... since Chi­nese tech ex­ec­u­tive Meng Wanzhou was ar­rested in Van­cou­ver on Dec. 1. Ex­perts ques­tion China’s claim Cana­dian de­tainees will re­ceive fair trial

StarMetro Vancouver - - FRONT PAGE - PER­RIN GRAUER

Thir­teen Cana­di­ans have been de­tained in China since ex­ec­u­tive Meng Wanzhou was ar­rested in Van­cou­ver on Dec. 1, ac­cord­ing to Global Af­fairs Canada.

The de­ten­tions of three of those 13 — ex-diplo­mat Michael Kovrig, en­tre­pre­neur Michael Spa­vor and teacher Sarah Mciver — were al­ready known to the pub­lic.

Eight of the de­tainees, in­clud­ing Mciver, have re­turned to Canada since their ar­rests, Global Af­fairs spokesper­son Guil­laume Bérubé said in a state­ment. The other seven were not named.

Meng, chief fi­nan­cial of­fi­cer of the Chi­nese telecom­mu­ni­ca­tions firm Huawei, was re­leased on $10-mil­lion bail to her fam­ily’s Van­cou­ver home on Dec. 11 to await pro­ceed­ings for ex­tra­di­tion to the U.S.

But Kovrig, Spa­vor and three oth­ers not named in Bérubé’s state­ment still re­main in cus­tody at undis­closed lo­ca­tions in China. Kovrig is be­ing kept in a con­tin­u­ously lit room and is ques­tioned sev­eral times daily by Chi­nese au­thor­i­ties, ac­cord­ing to In­ter­na­tional Cri­sis Group, Kovrig’s em­ployer.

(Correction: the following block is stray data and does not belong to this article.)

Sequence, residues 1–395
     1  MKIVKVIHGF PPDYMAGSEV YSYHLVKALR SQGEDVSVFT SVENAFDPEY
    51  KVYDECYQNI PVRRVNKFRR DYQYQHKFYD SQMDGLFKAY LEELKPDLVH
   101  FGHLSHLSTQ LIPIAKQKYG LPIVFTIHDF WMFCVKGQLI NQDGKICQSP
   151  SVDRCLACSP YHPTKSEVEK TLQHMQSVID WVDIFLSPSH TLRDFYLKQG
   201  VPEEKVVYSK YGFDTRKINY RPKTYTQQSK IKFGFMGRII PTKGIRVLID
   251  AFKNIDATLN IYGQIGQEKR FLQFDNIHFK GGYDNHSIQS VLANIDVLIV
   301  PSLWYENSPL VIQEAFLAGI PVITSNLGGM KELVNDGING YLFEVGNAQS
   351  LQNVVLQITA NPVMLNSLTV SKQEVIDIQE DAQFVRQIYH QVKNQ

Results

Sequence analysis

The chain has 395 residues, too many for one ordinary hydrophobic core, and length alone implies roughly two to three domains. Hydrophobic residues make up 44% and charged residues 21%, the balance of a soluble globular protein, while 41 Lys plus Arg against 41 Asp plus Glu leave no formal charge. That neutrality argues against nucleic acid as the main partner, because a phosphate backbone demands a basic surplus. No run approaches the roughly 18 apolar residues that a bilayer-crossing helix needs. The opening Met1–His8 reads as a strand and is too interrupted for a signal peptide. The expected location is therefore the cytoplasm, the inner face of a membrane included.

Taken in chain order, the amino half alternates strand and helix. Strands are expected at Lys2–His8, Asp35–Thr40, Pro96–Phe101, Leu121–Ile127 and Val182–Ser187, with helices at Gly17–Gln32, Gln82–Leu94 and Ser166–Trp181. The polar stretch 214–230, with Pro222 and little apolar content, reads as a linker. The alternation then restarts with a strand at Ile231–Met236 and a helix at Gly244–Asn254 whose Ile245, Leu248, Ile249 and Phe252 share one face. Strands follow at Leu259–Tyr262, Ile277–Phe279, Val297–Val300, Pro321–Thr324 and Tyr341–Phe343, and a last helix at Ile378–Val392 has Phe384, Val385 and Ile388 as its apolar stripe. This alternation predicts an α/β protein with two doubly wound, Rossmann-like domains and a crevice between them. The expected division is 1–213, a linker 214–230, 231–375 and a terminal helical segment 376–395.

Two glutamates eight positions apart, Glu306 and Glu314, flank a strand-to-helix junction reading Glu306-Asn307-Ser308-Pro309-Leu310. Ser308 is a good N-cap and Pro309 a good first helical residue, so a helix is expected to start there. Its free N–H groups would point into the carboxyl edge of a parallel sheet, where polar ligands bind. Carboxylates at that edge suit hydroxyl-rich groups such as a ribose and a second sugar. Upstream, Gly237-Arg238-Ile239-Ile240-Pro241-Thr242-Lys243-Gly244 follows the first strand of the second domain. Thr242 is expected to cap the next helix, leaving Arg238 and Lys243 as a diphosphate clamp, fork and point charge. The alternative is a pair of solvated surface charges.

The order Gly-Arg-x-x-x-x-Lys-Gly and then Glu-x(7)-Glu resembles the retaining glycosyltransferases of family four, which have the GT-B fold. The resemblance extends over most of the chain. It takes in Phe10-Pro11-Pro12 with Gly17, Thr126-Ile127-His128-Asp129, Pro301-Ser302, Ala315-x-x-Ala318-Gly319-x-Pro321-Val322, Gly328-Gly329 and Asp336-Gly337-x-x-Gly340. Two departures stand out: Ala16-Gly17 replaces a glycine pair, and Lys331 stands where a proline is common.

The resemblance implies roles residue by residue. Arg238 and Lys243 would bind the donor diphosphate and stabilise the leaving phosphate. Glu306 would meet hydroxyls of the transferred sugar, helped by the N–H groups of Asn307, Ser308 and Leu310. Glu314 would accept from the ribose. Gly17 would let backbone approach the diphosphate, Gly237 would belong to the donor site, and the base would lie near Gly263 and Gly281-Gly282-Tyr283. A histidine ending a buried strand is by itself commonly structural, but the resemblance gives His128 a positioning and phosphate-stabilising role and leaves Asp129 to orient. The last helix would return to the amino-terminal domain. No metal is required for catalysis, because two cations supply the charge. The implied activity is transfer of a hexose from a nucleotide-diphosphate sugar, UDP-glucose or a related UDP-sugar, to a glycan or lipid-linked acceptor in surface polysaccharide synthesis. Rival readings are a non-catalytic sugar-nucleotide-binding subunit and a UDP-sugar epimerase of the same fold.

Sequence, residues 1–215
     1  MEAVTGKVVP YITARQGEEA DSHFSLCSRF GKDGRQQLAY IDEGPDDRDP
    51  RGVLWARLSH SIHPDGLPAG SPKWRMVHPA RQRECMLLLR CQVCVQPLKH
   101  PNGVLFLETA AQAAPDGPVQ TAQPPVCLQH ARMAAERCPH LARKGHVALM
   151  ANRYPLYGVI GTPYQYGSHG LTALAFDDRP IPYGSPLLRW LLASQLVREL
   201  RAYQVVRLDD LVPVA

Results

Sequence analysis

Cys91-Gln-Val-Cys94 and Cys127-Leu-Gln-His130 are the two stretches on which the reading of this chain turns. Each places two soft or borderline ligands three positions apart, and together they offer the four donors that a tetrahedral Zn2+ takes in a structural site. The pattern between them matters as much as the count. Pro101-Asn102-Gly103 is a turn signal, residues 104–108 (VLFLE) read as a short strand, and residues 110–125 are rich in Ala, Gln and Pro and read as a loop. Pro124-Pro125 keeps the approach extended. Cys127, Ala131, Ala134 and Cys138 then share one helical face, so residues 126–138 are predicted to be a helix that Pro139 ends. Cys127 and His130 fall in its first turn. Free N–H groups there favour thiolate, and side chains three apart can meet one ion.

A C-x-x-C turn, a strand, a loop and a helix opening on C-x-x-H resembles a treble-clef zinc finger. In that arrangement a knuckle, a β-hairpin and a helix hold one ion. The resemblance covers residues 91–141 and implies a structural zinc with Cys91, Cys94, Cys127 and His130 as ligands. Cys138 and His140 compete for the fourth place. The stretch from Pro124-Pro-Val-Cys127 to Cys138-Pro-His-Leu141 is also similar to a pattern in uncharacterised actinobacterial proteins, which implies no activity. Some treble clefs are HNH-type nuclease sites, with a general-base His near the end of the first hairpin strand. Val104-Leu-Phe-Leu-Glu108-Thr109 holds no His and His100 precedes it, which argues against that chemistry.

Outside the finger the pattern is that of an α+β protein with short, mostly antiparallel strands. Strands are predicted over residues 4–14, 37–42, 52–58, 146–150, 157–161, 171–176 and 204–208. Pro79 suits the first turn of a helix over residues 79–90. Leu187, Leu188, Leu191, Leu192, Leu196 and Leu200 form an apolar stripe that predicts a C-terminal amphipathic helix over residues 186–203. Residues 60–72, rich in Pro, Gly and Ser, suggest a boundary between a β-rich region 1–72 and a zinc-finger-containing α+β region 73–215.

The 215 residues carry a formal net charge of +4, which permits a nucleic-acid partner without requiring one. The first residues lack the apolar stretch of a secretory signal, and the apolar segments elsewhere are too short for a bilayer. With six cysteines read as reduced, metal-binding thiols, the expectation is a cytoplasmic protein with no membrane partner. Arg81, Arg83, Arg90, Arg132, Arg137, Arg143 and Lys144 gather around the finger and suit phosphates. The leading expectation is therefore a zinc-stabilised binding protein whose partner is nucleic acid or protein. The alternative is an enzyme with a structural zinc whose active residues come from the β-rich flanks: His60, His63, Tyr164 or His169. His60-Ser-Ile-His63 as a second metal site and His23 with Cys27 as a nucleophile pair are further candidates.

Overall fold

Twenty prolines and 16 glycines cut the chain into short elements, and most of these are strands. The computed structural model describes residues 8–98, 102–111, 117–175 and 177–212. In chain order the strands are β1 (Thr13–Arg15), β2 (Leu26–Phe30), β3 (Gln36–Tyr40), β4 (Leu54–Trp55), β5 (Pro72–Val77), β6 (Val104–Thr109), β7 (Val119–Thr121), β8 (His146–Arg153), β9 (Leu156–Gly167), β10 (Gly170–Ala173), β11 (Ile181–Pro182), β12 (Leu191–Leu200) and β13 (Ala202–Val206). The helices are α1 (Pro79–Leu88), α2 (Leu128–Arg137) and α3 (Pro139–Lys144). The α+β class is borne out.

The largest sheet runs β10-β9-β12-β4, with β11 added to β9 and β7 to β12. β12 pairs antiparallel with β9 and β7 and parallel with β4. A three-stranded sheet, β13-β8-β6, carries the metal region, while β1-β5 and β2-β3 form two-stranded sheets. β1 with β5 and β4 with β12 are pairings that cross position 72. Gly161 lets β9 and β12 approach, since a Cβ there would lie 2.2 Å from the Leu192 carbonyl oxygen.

China’s For­eign Min­istry said in De­cem­ber that both Kovrig and Spa­vor are “sus­pected of en­gag­ing in ac­tiv­i­ties en­dan­ger­ing na­tional se­cu­rity,” though nei­ther have been for­mally charged, pre­clud­ing them from be­ing able to mount any kind of le­gal de­fence.

Canada’s for­eign af­fairs min­is­ter, Chrys­tia Free­land, called their de­ten­tions “ar­bi­trary” in a state­ment sub­mit­ted Thurs­day to the Star.

China’s top pros­e­cu­tor Zhang Jun said in a state­ment on Thurs­day that there is “no doubt” Kovrig and Spa­vor broke China’s laws, adding that the two Cana­di­ans are still un­der in­ves­ti­ga­tion.

Ex­perts have voiced con­cerns about the like­li­hood of due process be­ing granted to Kovrig and Spa­vor, ar­gu­ing that Bei­jing courts are lit­tle more than an in­stru­ment of the state.

Guy Saint-jac­ques, for­mer Cana­dian am­bas­sador to China, be­lieves the pri­mary mo­ti­va­tion be­hind the men’s de­ten­tions is po­lit­i­cal.

For­mer Aus­tralian for­eign min­is­ter Gareth Evans said Tues­day he was “to­tally con­fi­dent” Kovrig’s de­ten­tion was mo­ti­vated by pol­i­tics. Nei­ther Kovrig nor ICG pose any kind of threat to China’s na­tional se­cu­rity, he said. Le­gal sys­tem crit­i­cized. More at thes­tar.com/van­cou­ver


China’s top pros­e­cu­tor, Zhang Jun, said Thurs­day there is “no doubt” that two Cana­dian men de­tained in China vi­o­lated the coun­try’s laws. He added Michael Kovrig and Michael Spa­vor are still un­der in­ves­ti­ga­tion.

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